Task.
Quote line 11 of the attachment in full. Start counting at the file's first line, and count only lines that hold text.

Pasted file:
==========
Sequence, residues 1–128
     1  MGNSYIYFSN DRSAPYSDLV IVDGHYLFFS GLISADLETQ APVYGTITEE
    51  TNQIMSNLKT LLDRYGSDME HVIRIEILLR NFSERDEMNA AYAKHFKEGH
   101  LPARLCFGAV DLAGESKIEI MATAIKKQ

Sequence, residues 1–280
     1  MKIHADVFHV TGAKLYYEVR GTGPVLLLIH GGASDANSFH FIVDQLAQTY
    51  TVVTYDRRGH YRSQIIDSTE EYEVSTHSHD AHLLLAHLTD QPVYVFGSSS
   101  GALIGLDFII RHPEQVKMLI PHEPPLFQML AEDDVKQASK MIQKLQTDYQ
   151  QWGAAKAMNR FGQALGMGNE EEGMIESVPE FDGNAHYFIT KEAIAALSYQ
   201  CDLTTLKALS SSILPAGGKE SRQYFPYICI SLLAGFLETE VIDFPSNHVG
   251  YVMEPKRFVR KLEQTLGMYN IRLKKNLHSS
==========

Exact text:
   251  YVMEPKRFVR KLEQTLGMYN IRLKKNLHSS